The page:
Cincinnati’s growing entrepreneurial business culture has spilled over into its philanthropic community.

GreenLight Cincinnati, a new venture philanthropy organization, hopes to make a difference battling poverty among children and families in the Tristate.

Tara Noland, 30, former director of development of 4C for Children and a former YWCA Rising Star, is executive director of GreenLight Cincinnati, which is funded by the Deaconess Associations, the Cincinnati Regional Business Committee, Interact for Health, Procter & Gamble Co., Cincinnati Children’s Hospital Medical Center and the United Way of Greater Cincinnati among others.

What is the GreenLight Fund and what does it hope to accomplish?

We work to transform the lives of children and families in high poverty urban areas. The main way we do this is by identifying unmet community needs and then searching throughout the country to find innovative entrepreneurial programs that help fill those gaps quickly and effectively. We look at hundreds of programs, but ultimately we make one investment each year in a city and invest time and connections to make sure the organization we bring here has a solid start and self-sustaining future. A 20-member local advisory board meets this month [February] to choose our focus area this year. We’ll invest $600,000 in one nonprofit over a couple of years to fill that need. A year from now, we’ll start the process over again.

How was the GreenLight Fund started and how did it come to Cincinnati?

Boston ventures capitalist John Simon and Margaret Hall started GreenLight in 2004 in Boston. It grew out of a frustration that while it’s easy to expand a successful model in the for-profit world, it’s much more difficult to replicate successful models in the nonprofit world. Simon was introduced to Cincinnati when Cintrifuse’s “fund of funds” invested in his venture capital fund. Cincinnati is GreenLight’s fourth city after Boston, Philadelphia and the San Francisco Bay area.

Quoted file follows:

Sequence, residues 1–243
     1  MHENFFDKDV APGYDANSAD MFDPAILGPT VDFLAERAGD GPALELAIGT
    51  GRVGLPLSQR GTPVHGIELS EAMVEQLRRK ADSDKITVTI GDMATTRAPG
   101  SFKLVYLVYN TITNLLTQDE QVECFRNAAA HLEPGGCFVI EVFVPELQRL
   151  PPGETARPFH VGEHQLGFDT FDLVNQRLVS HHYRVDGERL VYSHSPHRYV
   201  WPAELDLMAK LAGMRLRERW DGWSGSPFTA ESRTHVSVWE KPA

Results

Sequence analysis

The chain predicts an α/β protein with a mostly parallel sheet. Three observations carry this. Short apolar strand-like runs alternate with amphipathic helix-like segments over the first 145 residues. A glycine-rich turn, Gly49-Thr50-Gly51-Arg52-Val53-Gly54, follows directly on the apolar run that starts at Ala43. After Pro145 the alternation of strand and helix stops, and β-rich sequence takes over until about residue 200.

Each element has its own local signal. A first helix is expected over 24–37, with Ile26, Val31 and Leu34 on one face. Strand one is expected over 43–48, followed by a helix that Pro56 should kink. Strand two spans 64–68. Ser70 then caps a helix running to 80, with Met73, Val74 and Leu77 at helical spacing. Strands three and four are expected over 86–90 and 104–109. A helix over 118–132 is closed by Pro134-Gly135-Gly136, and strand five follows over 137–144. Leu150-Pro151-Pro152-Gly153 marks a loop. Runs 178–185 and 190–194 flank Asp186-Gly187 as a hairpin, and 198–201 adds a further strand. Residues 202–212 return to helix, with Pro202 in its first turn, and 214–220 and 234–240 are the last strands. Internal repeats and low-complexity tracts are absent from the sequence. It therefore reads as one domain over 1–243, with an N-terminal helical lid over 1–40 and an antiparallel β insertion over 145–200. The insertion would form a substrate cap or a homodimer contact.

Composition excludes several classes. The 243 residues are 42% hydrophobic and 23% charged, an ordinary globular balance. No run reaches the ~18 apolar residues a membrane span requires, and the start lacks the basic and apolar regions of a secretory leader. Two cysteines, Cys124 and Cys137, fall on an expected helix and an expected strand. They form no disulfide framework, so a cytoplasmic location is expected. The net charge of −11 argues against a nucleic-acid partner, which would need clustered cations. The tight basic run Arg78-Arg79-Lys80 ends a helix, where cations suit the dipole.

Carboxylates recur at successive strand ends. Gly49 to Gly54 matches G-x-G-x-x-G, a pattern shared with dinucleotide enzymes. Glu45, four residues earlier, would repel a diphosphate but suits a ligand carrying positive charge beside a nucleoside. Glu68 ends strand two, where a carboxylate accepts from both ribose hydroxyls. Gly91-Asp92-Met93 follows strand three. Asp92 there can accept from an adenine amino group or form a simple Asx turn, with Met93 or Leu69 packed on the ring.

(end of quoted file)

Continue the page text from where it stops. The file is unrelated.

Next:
It sounds like Greenlight is a venture fund for nonprofits.

We’re structured in a very similar way. People invest in us and we make philanthropic investments. There’s no financial return. The return on their investment is making the city where they live a better place. 

Since you are introducing new programs, how do you make sure you’re not duplicating efforts?

We work really hard to make sure that GreenLight compliments the efforts in the community. Where we fit is where there are urgent needs that for whatever reason aren’t being met. We’re working to identify the most challenging problems and really innovative solutions and then going out to find those solutions.

Are entrepreneurs drawn to your approach?

Absolutely. It makes sense to those folks. We’re finding there’s a lot of support from the startup community and entrepreneur sector. We’ve found in other cities GreenLight is leveraging investment dollars that aren’t otherwise engaged in philanthropic giving. It’s a model that is familiar to folks who work in that sphere and one they really appreciate.